In SQL Server Management Studio I would like to know what is SQLCMD mode?


Exactly what it sounds like.

It is a mode that lets you author SQLCMD scripts.

From MSDN - Editing SQLCMD Scripts with Query Editor:

To use the Database Engine Query Editor to write or edit SQLCMD scripts, you must enable the SQLCMD scripting mode.

In SQL Server Management Studio, set this via the Query menu (Query -> SQLCMD Mode).

  • @Downvoter - care to comment? – Oded Nov 17 '12 at 17:00
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    It obviously wasn't me, but a lot of resources aren't real forthcoming about the difference between using SQLCMD and just running some T-SQL statements inside of Management Studio. A conversion script that Visual Studio generated for me last week does a check to see if SQLCMD is enabled and refuses to run if it's not, and there appears to be an option to enable/disable it in the Query menu for Management Studio. So there's a difference, but a lot of resources basically just say that SQLCMD is this great, wonderful device that lets you run T-SQL statements and batches and leave it at that. – Panzercrisis Aug 11 '15 at 13:40
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    This answer explains SQLCMD by using SQLCMD and basically is not much more than a Link to MSDN. So it does not help. – Magier Nov 30 '15 at 14:39
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    And even that link to MSDN doesn't explain at all why someone might choose to use a SQLCMD script instead of just straight TSQL. It just explains the mechanics and syntax of editing. – BradC Dec 9 '16 at 14:44
  • Re. "And even that link to MSDN doesn't explain at all why someone might choose to use a SQLCMD script instead of just straight TSQL.": The 2nd sentence of the article linked (at least the current "03/14/2017" version if not also the version when linked) says "why" - "You use SQLCMD scripts when you have to process Windows System commands and Transact-SQL statements in the same script.". – Tom Apr 30 '18 at 20:11

I did some more research, so here's my understanding of this to extend what has been written so far:

What is SQLCMD

SQLCMD.exe is a console utility included in the instalation of SQL Server 2005 and higher. You can typically find it in a path like c:\Program Files\Microsoft SQL Server\100\Tools\Binn\SQLCMD.EXE.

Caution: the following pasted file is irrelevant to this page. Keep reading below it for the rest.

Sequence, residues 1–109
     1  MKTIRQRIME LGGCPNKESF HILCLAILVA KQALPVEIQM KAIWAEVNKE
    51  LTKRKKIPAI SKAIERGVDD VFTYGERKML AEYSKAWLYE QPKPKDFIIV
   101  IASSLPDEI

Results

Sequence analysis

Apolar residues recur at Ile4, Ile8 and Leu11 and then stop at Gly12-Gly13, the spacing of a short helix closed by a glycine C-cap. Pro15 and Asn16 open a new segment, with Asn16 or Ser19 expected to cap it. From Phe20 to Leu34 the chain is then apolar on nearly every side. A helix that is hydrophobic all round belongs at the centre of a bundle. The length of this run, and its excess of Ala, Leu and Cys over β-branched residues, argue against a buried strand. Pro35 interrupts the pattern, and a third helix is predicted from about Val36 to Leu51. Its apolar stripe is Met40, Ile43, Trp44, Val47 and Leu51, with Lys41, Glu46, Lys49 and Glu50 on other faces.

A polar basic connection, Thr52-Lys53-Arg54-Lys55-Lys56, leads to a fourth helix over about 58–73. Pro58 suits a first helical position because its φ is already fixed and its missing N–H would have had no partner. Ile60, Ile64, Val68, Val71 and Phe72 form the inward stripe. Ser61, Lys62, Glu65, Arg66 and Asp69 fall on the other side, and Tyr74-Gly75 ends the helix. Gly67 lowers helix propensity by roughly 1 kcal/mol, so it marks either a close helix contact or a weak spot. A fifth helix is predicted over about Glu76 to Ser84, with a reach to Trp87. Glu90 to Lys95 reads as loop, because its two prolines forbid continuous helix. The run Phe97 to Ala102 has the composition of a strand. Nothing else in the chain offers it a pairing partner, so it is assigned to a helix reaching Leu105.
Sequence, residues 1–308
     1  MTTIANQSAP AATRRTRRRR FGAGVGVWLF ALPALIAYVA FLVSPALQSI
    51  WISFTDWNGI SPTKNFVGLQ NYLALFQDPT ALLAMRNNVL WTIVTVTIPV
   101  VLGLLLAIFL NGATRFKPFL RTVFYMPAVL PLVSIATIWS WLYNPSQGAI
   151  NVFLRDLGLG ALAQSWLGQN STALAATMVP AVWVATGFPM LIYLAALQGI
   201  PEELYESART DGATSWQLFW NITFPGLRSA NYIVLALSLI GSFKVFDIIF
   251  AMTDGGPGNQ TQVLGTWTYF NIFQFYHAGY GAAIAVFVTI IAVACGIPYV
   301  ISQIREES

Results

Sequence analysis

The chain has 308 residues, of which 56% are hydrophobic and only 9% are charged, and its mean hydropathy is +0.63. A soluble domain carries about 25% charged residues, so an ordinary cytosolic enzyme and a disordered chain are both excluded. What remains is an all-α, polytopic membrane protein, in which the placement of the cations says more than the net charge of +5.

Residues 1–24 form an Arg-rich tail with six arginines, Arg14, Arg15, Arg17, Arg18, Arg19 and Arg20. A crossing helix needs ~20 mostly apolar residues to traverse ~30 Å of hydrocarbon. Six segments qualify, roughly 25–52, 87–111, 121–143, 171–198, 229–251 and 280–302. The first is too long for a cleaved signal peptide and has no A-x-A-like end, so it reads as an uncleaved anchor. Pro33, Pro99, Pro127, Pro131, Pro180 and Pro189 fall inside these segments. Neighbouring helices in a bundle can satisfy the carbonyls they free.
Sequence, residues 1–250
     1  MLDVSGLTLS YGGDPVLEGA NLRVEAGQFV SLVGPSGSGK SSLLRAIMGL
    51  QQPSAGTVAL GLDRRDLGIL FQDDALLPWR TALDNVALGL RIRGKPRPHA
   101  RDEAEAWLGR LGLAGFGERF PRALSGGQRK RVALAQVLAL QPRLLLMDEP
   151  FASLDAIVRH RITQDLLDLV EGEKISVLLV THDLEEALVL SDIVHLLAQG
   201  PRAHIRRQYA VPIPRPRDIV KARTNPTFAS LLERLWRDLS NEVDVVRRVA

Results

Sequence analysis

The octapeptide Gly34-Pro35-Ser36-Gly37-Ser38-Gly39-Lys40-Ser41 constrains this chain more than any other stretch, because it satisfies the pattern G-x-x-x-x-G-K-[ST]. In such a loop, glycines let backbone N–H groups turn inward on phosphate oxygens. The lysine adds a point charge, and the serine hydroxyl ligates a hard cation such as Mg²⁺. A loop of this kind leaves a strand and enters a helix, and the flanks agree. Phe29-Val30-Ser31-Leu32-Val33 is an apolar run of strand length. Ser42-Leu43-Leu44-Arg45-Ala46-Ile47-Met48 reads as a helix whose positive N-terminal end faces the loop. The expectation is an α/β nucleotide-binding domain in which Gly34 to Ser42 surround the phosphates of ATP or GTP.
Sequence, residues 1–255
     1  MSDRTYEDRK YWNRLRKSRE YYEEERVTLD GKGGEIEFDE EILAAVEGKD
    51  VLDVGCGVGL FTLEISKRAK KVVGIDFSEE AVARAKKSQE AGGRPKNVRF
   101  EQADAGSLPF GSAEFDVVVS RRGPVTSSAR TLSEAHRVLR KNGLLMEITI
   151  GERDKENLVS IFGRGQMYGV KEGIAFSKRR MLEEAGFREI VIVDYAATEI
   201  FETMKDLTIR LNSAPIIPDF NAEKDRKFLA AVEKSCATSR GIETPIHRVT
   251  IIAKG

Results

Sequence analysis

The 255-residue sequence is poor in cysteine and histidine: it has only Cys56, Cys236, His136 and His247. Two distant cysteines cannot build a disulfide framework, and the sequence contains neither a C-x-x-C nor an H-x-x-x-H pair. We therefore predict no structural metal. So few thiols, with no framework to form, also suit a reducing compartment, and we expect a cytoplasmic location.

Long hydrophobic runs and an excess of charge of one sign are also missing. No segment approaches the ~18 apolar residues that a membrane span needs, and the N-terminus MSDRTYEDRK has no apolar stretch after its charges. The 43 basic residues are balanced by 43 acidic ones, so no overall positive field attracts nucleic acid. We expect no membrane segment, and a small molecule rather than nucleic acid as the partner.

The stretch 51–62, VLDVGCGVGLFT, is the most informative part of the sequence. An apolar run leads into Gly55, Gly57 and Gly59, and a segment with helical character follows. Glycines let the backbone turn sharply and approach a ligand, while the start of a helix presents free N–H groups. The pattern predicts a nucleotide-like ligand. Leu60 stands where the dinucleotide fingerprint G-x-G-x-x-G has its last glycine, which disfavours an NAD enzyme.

It is a simple scripting environment that allows automation of tasks related to SQL server. For example, you can write and execute a script that will login to a specific instance of SQL Server, execute scripts from a given directory on this connection and store the output in a specified file.

Invoke-Sqlcmd cmdlet was introduced with SQL Server 2008 as a mean to replace this tool with a standardized, Powershell-based approach, preserving most of the original syntax and functionality.

What is SQLCMD mode in SSMS

In SSMS, SQLCMD mode is a script execution mode that simulates the sqlcmd.exe environment and therefore accepts some commands that are not part of T-SQL language. Unlike sqlcmd.exe, it contacts the database using SqlClient (the same way as SSMS), not ODBC data provider, so in some aspects it might have different behaviour than sqlcmd.exe.

Executing scripts in SQLCMD mode allows to use commands typical to sqlcmd.exe environment. However, there's no IntelliSense or debugging support for SQLCMD mode, so maintaining scripts that mix clean T-SQL with SQLCMD-specific code can be a pain. Therefore, it should be used only when it's necessary.

Example use case

Let's suppose that a company has a naming convention for databases that include environment in the name, eg: MyDb_Prod, MyDb_Test, MyDb_Dev. This convention might be used to minimize chance of mistakes.

When a developer writes a T-SQL script, it will have to be executed in different environments in deployment/testing process, which would require many versions of the code:

 FROM [MyDb_Dev].[dbo].[MyTable1] -- MyDb_Dev -> MyDb_Test -> MyDb_Prod

Instead, we can assume that database name will be provided as a SQLCMD variable in deployment process and have exactly the same file deployed to all environments:

 -- :setvar databaseName "MyDb_Dev" -- uncomment for testing in SSMS

 FROM [$(databaseName)].[dbo].[MyTable1]

(in this simple example database name could be omitted altogether, but if you have cross-database joins, using database name is necessary)

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    Thanks, @buli. This answer is the only one that explains why someone who normally uses only TSQL in SSMS might instead choose to make and run a SQLCMD script. – BradC Dec 9 '16 at 14:40
  • A use case I am considering: For Availability Groups, you are of course working with multiple servers. It should be possible to write T-SQL to query system tables for information on the health of the AG - but this requires you to connect to each replica separately and query it. A given replica can give you the names of all replicas in the group - so you should be able to run a script on any replica, obtain list of all replicas, then perform health-check queries against each replica dynamically without hard-coding server names. – youcantryreachingme Aug 8 at 0:51

"You use SQLCMD scripts when you have to process Windows System commands and Transact-SQL statements in the same script."

"By default, SQLCMD mode is not enabled in the Query Editor. You can enable scripting mode by clicking the SQLCMD Mode icon in the toolbar or by selecting SQLCMD Mode from the Query menu."

Reference: MSDN

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